• Farewell and 2018 acknowledgements
    • Abstract: Publication date: Available online 6 November 2018Source: Library & Information Science ResearchAuthor(s): Candy Schwartz
       
  • Conceptualizing the information seeking of college students on the autism
           spectrum through participant viewpoint ethnography
    • Abstract: Publication date: Available online 1 November 2018Source: Library & Information Science ResearchAuthor(s): Nancy Everhart, Kristie L. Escobar Due to increased numbers of diagnoses, targeted programs and initiatives, more students with autism spectrum disorder (ASD) are attending college (Heflin & Isbell, 2012; Zager & Alpern, 2007) but academic librarians and their staffs have not been trained to optimally serve this growing population. Utilizing wayfinding, think aloud protocol (TAP), retrospective think aloud protocol (RTAP), and a wearable camera, the actions, thoughts and feelings of a student with ASD and a neurotypical peer are evidenced as they navigate their campus library in search of materials. The library website, virtual maps to resource locations, and library workers served equally as enablers and barriers to both students in their information seeking. This study demonstrates that participant viewpoint ethnography is a viable research methodology for both neurotypical college students and those with autism.
       
  • Different mysteries, different lore: An examination of inherited
           referencing behaviors in academic mentoring
    • Abstract: Publication date: Available online 10 October 2018Source: Library & Information Science ResearchAuthor(s): S. Craig Finlay, Chaoqun Ni, Cassidy Sugimoto Library and information science (LIS) dissertations cite a wide variety of literature, reflecting the interdisciplinary nature of the field. A review of 76 LIS dissertations was undertaken to determine whether the disciplinary background of the dissertation adviser influences the citing behaviors of the dissertation author. Of the 76 dissertations, 38 were advised by individuals with a disciplinary background in LIS and 38 were advised by individuals with a disciplinary background outside of LIS. The Library of Congress subclass for each citation was determined according the venue of publication. The most cited authors overall and by each group were determined, as well as the percentage of citations to LIS literature over time. LIS-advised dissertations were found to have cited a wide variety of literature. The percentage of citations in LIS-advised dissertations to LIS literature has declined from a peak of 59% to 21%. Citations to the most-cited authors in each group were largely exclusive to the LIS-advised dissertations, and nonLIS-advised dissertations generally do not appear to cite the same bodies of academic literature.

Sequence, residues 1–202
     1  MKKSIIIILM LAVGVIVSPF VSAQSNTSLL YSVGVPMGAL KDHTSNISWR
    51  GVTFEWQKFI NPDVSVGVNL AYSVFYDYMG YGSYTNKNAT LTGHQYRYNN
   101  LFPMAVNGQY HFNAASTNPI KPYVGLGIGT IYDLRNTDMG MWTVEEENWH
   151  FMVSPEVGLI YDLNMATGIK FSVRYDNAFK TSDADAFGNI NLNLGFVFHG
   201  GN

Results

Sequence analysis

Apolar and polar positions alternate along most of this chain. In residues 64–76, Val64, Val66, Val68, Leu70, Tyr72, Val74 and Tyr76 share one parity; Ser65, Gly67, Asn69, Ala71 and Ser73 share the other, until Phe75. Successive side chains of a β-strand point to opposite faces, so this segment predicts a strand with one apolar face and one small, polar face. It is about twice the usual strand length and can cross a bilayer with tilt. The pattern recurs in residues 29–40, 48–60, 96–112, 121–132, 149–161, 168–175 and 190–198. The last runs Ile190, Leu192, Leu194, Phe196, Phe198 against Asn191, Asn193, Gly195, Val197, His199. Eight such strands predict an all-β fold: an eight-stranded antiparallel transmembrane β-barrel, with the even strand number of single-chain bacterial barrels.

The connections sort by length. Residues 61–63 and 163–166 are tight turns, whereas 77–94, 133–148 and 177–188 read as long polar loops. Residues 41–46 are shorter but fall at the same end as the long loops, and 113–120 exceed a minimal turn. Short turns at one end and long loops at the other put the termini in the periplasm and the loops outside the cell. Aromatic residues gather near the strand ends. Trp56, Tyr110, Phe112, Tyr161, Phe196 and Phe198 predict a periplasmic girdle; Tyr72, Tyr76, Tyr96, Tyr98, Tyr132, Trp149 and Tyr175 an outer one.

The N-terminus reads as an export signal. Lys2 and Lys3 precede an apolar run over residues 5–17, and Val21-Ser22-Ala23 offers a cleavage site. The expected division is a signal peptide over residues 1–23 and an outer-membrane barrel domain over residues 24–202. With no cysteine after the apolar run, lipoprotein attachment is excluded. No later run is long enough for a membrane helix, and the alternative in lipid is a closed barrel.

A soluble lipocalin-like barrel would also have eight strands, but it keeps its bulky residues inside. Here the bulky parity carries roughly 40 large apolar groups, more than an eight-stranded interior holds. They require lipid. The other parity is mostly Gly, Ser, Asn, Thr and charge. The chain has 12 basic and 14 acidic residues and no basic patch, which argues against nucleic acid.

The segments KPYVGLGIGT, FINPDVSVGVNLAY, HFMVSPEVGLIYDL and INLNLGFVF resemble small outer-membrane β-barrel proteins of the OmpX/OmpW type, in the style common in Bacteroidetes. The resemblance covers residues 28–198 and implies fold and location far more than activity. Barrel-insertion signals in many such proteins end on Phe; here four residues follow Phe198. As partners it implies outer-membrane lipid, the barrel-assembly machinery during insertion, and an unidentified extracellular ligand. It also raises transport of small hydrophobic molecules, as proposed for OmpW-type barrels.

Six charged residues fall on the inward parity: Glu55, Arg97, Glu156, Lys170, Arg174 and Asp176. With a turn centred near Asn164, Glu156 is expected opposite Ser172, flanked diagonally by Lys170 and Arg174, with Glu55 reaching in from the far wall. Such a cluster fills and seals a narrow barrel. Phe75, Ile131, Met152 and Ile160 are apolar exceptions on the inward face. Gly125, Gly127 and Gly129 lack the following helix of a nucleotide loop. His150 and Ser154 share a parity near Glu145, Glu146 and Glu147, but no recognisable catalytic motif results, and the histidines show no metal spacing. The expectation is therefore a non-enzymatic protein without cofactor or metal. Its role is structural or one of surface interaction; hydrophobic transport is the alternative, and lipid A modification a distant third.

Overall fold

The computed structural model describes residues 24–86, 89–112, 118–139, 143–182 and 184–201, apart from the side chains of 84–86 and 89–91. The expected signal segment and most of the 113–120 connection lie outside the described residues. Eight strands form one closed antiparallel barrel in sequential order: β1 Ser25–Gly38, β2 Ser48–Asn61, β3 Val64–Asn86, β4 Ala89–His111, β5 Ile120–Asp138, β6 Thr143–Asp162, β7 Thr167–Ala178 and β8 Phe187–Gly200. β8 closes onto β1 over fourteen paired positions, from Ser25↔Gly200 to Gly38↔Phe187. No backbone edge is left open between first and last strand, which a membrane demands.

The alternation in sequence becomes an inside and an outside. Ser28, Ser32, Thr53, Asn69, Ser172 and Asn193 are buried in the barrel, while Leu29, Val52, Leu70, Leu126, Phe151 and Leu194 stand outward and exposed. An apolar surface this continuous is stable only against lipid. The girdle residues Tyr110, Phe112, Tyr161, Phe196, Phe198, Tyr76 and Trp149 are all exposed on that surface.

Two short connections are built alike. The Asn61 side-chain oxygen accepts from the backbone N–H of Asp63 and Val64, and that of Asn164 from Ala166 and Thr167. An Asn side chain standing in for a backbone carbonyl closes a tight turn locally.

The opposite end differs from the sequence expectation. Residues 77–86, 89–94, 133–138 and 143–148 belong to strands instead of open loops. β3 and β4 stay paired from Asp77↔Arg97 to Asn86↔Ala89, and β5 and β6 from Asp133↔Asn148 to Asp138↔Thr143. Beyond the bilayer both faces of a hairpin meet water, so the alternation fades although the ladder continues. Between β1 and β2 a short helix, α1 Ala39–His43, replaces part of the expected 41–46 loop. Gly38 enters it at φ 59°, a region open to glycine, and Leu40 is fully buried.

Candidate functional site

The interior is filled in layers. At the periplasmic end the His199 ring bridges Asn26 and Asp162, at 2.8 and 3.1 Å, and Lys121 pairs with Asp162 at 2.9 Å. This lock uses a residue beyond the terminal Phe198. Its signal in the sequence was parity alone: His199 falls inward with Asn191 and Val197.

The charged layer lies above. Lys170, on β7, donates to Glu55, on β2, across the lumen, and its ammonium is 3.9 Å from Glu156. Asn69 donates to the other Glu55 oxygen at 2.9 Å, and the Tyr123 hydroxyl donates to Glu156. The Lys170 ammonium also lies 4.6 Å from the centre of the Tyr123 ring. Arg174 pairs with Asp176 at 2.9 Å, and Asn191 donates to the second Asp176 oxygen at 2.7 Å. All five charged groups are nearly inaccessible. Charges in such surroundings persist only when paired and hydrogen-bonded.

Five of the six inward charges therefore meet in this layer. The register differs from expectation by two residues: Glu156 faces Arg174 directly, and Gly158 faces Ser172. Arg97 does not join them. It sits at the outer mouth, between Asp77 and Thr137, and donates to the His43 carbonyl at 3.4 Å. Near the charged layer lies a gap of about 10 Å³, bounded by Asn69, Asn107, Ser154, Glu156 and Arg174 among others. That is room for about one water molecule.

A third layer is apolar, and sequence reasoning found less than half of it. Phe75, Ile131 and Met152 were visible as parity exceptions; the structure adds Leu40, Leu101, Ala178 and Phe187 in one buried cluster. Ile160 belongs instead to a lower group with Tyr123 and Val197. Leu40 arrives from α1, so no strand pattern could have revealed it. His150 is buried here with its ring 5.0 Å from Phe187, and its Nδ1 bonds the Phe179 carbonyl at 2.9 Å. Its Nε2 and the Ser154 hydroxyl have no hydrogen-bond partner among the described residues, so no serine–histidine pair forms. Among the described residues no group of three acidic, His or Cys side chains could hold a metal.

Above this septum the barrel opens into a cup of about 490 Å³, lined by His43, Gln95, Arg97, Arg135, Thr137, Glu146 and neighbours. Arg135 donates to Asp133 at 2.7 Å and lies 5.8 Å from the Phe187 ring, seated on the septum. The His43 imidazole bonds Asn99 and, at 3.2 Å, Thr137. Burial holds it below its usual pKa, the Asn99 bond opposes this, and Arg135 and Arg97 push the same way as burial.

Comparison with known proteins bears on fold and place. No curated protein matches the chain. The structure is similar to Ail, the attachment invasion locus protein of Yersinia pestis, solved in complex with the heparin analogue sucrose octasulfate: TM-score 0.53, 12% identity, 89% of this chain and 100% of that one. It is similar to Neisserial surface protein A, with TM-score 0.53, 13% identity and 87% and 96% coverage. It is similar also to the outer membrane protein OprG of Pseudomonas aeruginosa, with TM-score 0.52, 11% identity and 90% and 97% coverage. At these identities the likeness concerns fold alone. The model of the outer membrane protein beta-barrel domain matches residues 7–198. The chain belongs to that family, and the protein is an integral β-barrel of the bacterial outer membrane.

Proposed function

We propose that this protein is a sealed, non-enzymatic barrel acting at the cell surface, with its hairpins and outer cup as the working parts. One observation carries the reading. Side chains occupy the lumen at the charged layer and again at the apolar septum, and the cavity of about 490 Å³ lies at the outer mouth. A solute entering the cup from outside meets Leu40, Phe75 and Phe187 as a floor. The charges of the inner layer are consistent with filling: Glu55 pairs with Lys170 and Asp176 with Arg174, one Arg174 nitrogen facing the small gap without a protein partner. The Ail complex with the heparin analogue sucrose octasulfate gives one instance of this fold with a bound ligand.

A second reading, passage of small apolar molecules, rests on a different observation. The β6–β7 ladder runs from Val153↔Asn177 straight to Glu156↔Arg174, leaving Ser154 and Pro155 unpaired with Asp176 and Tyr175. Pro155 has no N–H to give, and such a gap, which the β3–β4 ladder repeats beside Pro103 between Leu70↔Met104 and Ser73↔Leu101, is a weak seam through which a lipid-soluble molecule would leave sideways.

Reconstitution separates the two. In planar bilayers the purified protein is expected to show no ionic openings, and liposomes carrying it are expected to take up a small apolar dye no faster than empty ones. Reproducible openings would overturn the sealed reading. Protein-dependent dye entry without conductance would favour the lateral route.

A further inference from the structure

• Habitual wayfinding in academic libraries: Evidence from a liberal arts
           college